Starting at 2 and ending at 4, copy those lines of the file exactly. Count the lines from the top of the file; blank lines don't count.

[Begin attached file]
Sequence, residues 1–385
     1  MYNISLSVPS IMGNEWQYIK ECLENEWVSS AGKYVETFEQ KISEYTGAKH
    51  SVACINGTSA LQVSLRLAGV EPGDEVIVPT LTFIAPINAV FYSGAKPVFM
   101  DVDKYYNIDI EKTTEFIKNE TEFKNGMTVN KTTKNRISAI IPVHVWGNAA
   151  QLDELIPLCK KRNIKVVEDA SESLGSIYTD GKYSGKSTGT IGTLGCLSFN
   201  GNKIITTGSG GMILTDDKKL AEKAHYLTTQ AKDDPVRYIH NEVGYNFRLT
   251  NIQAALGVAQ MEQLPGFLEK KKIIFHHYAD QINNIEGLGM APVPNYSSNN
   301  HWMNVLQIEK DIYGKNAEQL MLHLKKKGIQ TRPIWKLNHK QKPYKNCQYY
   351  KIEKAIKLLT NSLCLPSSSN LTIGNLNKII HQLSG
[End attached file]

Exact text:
     1  MYNISLSVPS IMGNEWQYIK ECLENEWVSS AGKYVETFEQ KISEYTGAKH
    51  SVACINGTSA LQVSLRLAGV EPGDEVIVPT LTFIAPINAV FYSGAKPVFM
   101  DVDKYYNIDI EKTTEFIKNE TEFKNGMTVN KTTKNRISAI IPVHVWGNAA